The new class ran in tandem with the Class A regulars like the Ford Sierra RS Cosworth for the 1990 BTCC season. The new 2 litre class championship boiled down to a 1 on 1 fight with BMW M3 driver Frank Sytner and Vauxhall’s John Cleland.
The battled turned nasty with a couple of rounds to go when Sytner went for a gap that was never there and took himself and Cleland out. Cleland would take the final win of the season, but Sytner took the inaugural class championship.
Rob Gravett in the Group A 500bhp Ford Sierra RS Cosworth won the overall championship.
Group A was dropped for 1991, and the extra year of 2-litre racing gave BMW and Vauxhall an advantage. A wide variety of cars would be entered including a Sierra Sapphire (sedan) for champion Rob Gravett, a Mitsubishi Lancer, Nissan Primera, Rover 216 and Toyota Carina.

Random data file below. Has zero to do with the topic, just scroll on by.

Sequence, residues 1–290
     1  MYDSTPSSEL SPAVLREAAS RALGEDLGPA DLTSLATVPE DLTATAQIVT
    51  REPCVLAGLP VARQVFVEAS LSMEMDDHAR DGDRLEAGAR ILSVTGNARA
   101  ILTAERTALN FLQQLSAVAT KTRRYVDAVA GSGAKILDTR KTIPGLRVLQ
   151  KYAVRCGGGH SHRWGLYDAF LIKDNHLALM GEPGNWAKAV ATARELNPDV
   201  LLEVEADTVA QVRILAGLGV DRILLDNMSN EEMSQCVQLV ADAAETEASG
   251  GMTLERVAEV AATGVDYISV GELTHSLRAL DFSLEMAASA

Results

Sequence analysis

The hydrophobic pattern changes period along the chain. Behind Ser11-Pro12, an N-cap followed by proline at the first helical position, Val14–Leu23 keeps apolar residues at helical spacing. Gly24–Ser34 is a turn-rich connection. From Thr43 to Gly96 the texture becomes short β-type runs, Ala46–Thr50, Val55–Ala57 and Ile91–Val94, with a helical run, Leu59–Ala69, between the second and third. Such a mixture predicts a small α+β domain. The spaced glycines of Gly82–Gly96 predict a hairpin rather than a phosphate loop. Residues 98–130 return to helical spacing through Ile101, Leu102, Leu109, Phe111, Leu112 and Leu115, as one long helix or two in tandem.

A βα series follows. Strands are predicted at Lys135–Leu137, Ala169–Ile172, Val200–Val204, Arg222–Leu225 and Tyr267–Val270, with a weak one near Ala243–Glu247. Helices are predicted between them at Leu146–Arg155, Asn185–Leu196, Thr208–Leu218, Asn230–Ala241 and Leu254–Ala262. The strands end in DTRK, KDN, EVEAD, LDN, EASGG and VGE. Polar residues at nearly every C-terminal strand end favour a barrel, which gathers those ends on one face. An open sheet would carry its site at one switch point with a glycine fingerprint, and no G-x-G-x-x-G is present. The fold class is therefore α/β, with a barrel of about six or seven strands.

At the front it was BMW v Vauxhall again. In the BMW corner, the Mobil sponsored works team, prepared by Prodrive, while the semi works cars of Vic Lee Motorsport (below) and Team Labatt’s cars (above) were also title contenders. Vauxhall concentrated their efforts on their two car works team.
The championship came down to a battle with the late Will Hoy (above) and John Cleland (Vauxhall Cavalier). Hoy looked to have the championship sown up until retiring in the penultimate round. Hoy eventually took the title from John Cleland and Andy Rouse, in a Toyota Carina.
BMW introduced their new shape E36 318is model for the 1992 season. Prodrive ran cars for Tim Sugden, Alain Menu, and a one off drive for rally legend, Colin McRae.
Meanwhile Vic Lee Racing ran a three car team, including current BTCC commentator, Tim Harvey.